We spent the weekend in Colorado with our daughter and went shopping, shopping, and shopping some more. Not for clothes, though I did buy a 180 dollar wool coat for 57 dollars. It had been marked down and down and down for good reason. I swear the rack of coats weren't selling because of the big, honking, shiny buttons in a double row down the front which could easily have signaled an air craft carrier to land.
With three more on each sleeve and two more on the back, as I tried it on looking at myself in the mirror, I was nearly blinded by the over head fluorescent light that reflected off the buttons making me feel like a neon sign on the Los Vegas strip. "Look at me, look at me!", they seemed to scream. Okay, maybe it wasn't quite that bad but close.
Needless to say upon purchasing the coat, we went directly to a fabric store where we fastened black button after black button in the button holes down the front of the coat until we found some that were just right. They are plastic but look like black woven leather. A win win situation since wool and leather are two of my favorite things.
Besides washability, it turned out to be a really good thing that those buttons were not made of leather for many of them are presently sporting chocolate. Yes, dark chocolate but what do you expect when you are shopping on a warm day and you need to go to two stores in two different towns to gather a small matching herd. You think I'm exaggerating but I'm not. I needed fifteen buttons.
I didn't browse looking at isle, after isle, after isle, of lovely fabric, though it pained me terribly, I knew we'd spent enough time in the button section to wear my husbands patience mighty thin. So when I spied some of his favorite dark chocolate in the checkout isle, I grabbed a handful of the individually wrapped, mouth sized balls. Alas, he didn't eat them fast enough and some of them melted on the buttons in the same bag as we left the car in the sun to browse through a bulk food store looking for food for hunting camp.
We planned a foody trip. Not that we are short on food as I'm sti....ll canning and my kitchen floor has now been officially declared a disaster area but in Wyoming, the selection is rather boring. So one of our stops was a kitchen store where I bought egg rings for making a nice egg shape that would fit nicely in breakfast sandwiches, and then off to the oil store that imports flavored olive oil and flavored balsamic vinegars from around the world. It is always an adventure to stop there.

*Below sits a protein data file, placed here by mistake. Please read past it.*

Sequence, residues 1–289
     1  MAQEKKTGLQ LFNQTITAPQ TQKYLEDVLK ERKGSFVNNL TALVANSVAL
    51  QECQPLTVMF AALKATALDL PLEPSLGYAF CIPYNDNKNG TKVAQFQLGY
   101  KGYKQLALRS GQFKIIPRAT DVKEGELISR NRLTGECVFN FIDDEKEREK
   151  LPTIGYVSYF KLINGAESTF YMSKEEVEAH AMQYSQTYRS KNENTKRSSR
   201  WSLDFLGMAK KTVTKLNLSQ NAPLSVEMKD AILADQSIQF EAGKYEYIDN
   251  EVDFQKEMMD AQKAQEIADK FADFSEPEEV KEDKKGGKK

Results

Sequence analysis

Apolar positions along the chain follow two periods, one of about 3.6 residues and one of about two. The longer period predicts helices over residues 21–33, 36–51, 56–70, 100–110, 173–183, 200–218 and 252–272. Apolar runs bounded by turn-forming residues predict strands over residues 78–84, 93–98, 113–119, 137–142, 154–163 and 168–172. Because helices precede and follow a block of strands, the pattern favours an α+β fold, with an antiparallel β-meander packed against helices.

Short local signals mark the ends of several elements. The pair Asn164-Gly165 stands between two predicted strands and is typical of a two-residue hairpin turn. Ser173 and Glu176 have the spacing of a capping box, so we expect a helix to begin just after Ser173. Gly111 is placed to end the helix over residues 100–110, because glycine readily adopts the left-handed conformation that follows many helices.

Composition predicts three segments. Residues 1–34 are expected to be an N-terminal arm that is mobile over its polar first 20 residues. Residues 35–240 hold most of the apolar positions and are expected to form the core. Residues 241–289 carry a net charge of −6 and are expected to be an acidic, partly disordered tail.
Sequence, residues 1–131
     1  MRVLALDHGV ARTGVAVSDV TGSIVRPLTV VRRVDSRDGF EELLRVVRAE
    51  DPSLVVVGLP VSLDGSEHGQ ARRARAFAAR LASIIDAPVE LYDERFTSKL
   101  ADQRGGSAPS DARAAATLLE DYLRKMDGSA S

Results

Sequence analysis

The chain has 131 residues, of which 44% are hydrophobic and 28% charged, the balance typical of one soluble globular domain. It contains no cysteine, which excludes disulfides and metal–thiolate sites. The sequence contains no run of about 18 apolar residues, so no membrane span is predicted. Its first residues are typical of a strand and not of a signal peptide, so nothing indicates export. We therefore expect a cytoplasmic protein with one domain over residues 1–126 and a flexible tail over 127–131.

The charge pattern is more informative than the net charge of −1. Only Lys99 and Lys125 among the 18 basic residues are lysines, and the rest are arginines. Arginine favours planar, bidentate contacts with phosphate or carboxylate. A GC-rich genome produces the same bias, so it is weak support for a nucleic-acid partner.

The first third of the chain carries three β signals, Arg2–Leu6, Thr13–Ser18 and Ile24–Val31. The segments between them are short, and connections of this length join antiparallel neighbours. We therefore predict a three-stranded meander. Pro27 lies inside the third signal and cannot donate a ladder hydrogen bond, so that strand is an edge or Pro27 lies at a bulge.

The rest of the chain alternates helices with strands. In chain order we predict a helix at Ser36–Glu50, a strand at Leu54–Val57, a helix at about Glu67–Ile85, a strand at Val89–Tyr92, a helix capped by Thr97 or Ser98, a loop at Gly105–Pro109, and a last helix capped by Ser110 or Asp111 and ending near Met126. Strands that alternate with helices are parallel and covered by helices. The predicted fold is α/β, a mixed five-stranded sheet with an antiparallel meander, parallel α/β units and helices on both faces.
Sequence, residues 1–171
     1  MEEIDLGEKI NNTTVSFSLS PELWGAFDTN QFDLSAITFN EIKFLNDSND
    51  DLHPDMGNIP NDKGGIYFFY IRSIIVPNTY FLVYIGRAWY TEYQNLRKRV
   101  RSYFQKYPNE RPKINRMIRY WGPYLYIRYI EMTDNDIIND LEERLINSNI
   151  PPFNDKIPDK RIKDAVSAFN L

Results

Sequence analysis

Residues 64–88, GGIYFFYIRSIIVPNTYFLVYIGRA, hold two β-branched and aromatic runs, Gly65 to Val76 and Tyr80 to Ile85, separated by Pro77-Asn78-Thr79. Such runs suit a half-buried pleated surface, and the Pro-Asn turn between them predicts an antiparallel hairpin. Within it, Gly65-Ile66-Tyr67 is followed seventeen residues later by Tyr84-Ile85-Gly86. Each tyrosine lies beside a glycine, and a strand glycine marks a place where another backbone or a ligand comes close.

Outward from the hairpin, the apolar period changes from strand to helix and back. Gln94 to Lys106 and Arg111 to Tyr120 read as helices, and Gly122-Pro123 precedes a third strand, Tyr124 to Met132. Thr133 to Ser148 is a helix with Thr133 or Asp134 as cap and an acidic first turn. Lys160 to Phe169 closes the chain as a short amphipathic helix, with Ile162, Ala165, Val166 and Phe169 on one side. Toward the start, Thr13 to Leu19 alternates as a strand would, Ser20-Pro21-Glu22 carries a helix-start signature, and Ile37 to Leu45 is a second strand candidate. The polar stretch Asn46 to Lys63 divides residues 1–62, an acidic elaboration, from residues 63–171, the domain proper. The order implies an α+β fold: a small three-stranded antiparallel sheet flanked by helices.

And we scouted out two spice stores wetting our appetites and reeling my thoughts down new cooking avenues. One whole new trail is powdered vegetables. I picked up some powdered pumpkin and powdered beets.
Upon purchase, I didn't really know what all I was going to do with them. The long ride home and a brief trip through a few Internet sites ( and I do mean few there were only a few I found) broadened my thinking.
The pumpkin powder I figured could intensify pumpkin soup, cookies, and might be good in hot cocoa. As for the beet powder, which is quite sweet tasting, I was thinking along the line of using it in noodles.
Though one of the clerks at Celestial Seasonings, where we stocked up the for the year on herbal teas, said she uses it along with Henna and coffee to die her hair red. I'm not hankering to be a red head so I didn't ask exactly how she did that. Now that it's too late, I wish I'd of asked just to satisfy my curiosity.
Thinking of dies, I looked up Red Velvet cake as beet powder is used in foods as a natural food dye. My husband loves Red Velevet Cake but has given up on me making one because I refuse to use more than a few drops at a time of food coloring. Several sites mentioned using beet powder as a substitute for the artificial kind. They all mentioned that the standard recipe has to be altered with the change because the leavenings react to the beets and turns the cake brown colored instead of red. BUT, with an addition of natural cocoa and buttermilk (which are both acidic) the ph change makes the use of beet powder plausible and a lovely burgundy color is said to be the result.
Wanting to make my own beet powder, I of course made a bee line for the garden when we got home to pluck a few small beets that remained. They were an inch to an inch and a half in size. I cleaned off the garden soil and cut off the tops. Then chopped up the larger ones and popped them into the blender, pushed the Chop button and spread out the results onto the fruit leather trays of my dehydrator. No, I did not skin the beets. With small beets it isn't necessary as the skins remain tender. The beets are in the drier right now and when dry, I'm going to grind them into powder.
I think I'll do some tomatoes for powder to put into noodles, and I want to try some zucchini also. They would all be good in a vegetable stew to intensify the flavors and I'm also thinking noodles. A few years back, I tried some recipes of Martha Stewart's for noodles with green beans and beets. I wasn't impressed. Her beet noodles were an intense red. Mine a sorry pale pink. She didn't mention beet powder but now I'm sure that is what she used and failed to add in the instructions. My brain is a whirling and I'm thinking what herbs to add to what dried vegetables. Look for fruition of those thoughts in the next few months.
Later when I process pumpkins, I'll dry some of those too. Have any of you journeyed down this road and have advice?
I'd better quit thinking and get to doing as the grand kids will soon be out of school and I had better mop the kitchen floor before their feet stick fast and they are trapped. Then I have a bucket of apples to slice and peel. I'm thinking of freezing them for apple pies. Plus I've another batch of apple juice to make into jelly. Will this canning ever end?